The Stem Cells, Differentiation and Cancer Program evolved from the former Cell Growth and Differentiation Control Program with the inclusion of scientists from the former Immuno-oncology program that study B cell biology and lymphoid malignancies. The program was further strengthened by the formation of a Stem Cell Institute at Einstein with the recruitment of four cancer stem cell investigators. There are three major research themes that partially overlap: the myeloid leukemias, lymphoid malignancies and stem cell biology, with a continued emphasis on regulation at the transcriptional level. While there is a focus on hematological malignancies, the stem cell research extends to hepatic, neural, and mammary stem cells. Dr. E. Richard Stanley is leader of this newly configured program. The appointment of Dr. Amit Verma, physician scientist, as Co-Program leader and the establishment of a Hematological Malignancies Working Group has catalyzed translation and increased the number of correlative and therapeutic clinical studies. The goals of this program are: (i) to understand the molecular events that occur during the normal differentiation of stem cell progenitors into their mature counterparts; (ii) to identify the aberrations that occur in transcriptional programming that result in the malignant phenotype with a special, but not sole, focus on the hematopoietic malignancies;(iii) to identify molecules that are novel therapeutic targets, indicators of aggressiveness of disease or reporters of response to treatment;(iv) to translate laboratory research findings into correlative and, ultimately, therapeutic trials and to enhance the effectiveness of clinical regimens with existing and new chemotherapeutics and biologicals;and (v) to encourage those Program members who share a common interest in stem cells, cellular programming, and their relationship to cancer to collaborate with each other and with the members of other programs. Human tissue research has been facilitated by the acquisition of two FACS Sorter Biosafety systems dedicated to this program, a Human Pluripotent Stem Cell Center for the development and analysis of human embryonic and induced pluripotent stem cells that comprises a stem cell preparation unit, a cell sorting and xenotransplantation unit, and a stem cell bioinformatics unit. There are currently 31 program members of whom 30 are primary;nine are new recruits to Einstein. Research is supported by 12 NCI grants ($2.66M DC) and 28 other cancer-relevant peer reviewed grants ($5.35M DC). Since 2008, there have been 364 cancer-relevant publications by members of this program, of which 16% represent intra- and 17% represent inter-programmatic collaborations.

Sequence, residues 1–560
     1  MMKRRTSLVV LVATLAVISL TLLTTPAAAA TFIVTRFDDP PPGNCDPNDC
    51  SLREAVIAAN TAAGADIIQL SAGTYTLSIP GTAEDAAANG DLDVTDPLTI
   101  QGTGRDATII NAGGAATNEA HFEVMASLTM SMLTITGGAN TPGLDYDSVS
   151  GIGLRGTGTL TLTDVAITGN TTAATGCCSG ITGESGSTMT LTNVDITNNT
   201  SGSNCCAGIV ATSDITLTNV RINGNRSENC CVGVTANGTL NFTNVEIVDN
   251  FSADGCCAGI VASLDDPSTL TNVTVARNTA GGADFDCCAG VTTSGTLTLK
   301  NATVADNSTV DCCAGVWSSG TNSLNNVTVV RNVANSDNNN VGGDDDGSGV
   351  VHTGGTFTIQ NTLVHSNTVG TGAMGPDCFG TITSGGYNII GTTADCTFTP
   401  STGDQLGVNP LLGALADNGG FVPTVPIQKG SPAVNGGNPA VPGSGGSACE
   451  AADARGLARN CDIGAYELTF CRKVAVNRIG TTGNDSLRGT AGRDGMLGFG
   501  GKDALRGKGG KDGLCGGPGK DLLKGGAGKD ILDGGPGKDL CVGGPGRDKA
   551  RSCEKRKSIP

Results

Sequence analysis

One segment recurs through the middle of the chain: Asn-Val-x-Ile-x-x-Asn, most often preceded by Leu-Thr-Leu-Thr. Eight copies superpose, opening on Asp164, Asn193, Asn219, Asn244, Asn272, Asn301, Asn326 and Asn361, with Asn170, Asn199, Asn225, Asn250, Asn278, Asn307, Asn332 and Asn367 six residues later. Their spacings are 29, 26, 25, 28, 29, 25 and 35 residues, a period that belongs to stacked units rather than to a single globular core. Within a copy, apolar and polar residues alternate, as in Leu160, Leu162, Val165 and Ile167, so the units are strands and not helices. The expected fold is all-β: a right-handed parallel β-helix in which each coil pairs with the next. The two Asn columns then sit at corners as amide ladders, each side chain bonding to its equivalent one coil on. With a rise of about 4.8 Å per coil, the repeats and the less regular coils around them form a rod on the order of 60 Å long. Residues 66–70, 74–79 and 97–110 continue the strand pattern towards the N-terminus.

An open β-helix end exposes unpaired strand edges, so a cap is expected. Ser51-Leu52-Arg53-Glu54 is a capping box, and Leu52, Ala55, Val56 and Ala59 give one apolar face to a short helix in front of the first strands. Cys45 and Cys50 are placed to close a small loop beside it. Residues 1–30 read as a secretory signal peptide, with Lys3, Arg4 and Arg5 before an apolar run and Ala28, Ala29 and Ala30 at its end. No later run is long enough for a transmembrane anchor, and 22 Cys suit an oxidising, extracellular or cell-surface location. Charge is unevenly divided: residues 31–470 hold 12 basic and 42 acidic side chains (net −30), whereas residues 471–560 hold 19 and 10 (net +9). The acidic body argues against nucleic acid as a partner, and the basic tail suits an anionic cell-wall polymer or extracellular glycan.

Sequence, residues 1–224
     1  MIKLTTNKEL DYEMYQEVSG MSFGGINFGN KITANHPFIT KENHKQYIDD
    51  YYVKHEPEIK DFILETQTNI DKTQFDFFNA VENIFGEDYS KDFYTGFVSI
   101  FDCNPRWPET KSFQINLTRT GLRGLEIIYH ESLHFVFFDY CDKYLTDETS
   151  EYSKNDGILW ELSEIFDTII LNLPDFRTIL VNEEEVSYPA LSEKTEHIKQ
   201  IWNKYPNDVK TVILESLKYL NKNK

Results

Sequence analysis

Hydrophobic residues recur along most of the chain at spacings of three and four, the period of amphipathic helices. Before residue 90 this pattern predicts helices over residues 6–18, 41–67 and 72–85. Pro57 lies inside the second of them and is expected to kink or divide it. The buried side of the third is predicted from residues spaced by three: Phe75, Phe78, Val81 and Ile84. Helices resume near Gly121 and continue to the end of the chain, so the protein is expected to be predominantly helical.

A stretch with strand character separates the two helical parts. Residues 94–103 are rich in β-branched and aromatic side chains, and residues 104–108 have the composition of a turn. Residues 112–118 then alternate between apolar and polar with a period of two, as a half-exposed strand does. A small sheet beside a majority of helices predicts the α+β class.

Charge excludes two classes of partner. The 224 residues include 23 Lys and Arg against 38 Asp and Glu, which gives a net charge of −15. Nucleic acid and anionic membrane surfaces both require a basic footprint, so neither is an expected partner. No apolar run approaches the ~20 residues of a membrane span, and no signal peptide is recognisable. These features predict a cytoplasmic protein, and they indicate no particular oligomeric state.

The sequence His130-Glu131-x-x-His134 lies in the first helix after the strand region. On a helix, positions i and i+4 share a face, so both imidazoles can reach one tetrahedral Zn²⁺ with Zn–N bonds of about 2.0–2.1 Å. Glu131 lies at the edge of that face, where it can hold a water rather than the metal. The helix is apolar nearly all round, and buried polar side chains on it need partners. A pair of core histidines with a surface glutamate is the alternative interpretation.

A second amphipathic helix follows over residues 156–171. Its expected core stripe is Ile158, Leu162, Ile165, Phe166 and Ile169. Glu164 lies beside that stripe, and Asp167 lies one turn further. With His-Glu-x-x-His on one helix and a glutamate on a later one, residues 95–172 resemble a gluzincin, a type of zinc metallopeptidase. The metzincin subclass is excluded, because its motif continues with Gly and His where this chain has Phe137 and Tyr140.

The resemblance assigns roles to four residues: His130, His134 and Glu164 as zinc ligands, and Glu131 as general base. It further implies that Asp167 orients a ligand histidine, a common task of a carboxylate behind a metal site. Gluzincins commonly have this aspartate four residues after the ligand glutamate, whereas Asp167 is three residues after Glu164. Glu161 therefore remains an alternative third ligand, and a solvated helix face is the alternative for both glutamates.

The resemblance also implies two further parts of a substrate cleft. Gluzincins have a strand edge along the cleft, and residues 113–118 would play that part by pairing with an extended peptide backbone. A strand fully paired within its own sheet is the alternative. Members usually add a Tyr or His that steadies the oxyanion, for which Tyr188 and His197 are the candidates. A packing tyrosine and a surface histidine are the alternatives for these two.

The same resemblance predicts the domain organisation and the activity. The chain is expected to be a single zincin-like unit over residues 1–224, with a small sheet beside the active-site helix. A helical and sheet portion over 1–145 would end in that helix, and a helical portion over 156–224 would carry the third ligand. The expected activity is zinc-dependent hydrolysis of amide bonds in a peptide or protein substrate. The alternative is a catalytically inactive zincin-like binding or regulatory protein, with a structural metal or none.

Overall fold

Public Health Relevance

This program seeks to understand the very early changes that occur in the genetic material of cells that makes them cancerous and to develop drugs that will prevent or reverse these changes. There is a particular interest in identifying the most primitive cells (called cancer stem cells) that are affected by these changes. Cancer stem cells may be the most resistant to drugs and radiation and may explain why cancers return after they initially respond to treatment.

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Subcommittee B - Comprehensiveness (NCI)
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Mocholi, Enric; Dowling, Samuel D; Botbol, Yair et al. (2018) Autophagy Is a Tolerance-Avoidance Mechanism that Modulates TCR-Mediated Signaling and Cell Metabolism to Prevent Induction of T Cell Anergy. Cell Rep 24:1136-1150
Mao, Serena P H; Park, Minji; Cabrera, Ramon M et al. (2018) Loss of amphiregulin reduces myoepithelial cell coverage of mammary ducts and alters breast tumor growth. Breast Cancer Res 20:131
Guan, Fangxia; Tabrizian, Tahmineh; Novaj, Ardijana et al. (2018) Dietary Walnuts Protect Against Obesity-Driven Intestinal Stem Cell Decline and Tumorigenesis. Front Nutr 5:37
Yang, Chia-Ping Huang; Wang, Changwei; Ojima, Iwao et al. (2018) Taxol Analogues Exhibit Differential Effects on Photoaffinity Labeling of ?-Tubulin and the Multidrug Resistance Associated P-Glycoprotein. J Nat Prod 81:600-606
Chennamadhavuni, Divya; Saavedra-Avila, Noemi Alejandra; Carreño, Leandro J et al. (2018) Dual Modifications of ?-Galactosylceramide Synergize to Promote Activation of Human Invariant Natural Killer T Cells and Stimulate Anti-tumor Immunity. Cell Chem Biol 25:571-584.e8
Wang, Tao; Hosgood, H Dean; Lan, Qing et al. (2018) The Relationship Between Population Attributable Fraction and Heritability in Genetic Studies. Front Genet 9:352
Rocha, Agostinho G; Franco, Antonietta; Krezel, Andrzej M et al. (2018) MFN2 agonists reverse mitochondrial defects in preclinical models of Charcot-Marie-Tooth disease type 2A. Science 360:336-341
Limi, Saima; Senecal, Adrien; Coleman, Robert et al. (2018) Transcriptional burst fraction and size dynamics during lens fiber cell differentiation and detailed insights into the denucleation process. J Biol Chem 293:13176-13190
Vilchèze, Catherine; Copeland, Jacqueline; Keiser, Tracy L et al. (2018) Rational Design of Biosafety Level 2-Approved, Multidrug-Resistant Strains of Mycobacterium tuberculosis through Nutrient Auxotrophy. MBio 9:
Cabahug-Zuckerman, Pamela; Stout Jr, Randy F; Majeska, Robert J et al. (2018) Potential role for a specialized ?3 integrin-based structure on osteocyte processes in bone mechanosensation. J Orthop Res 36:642-652

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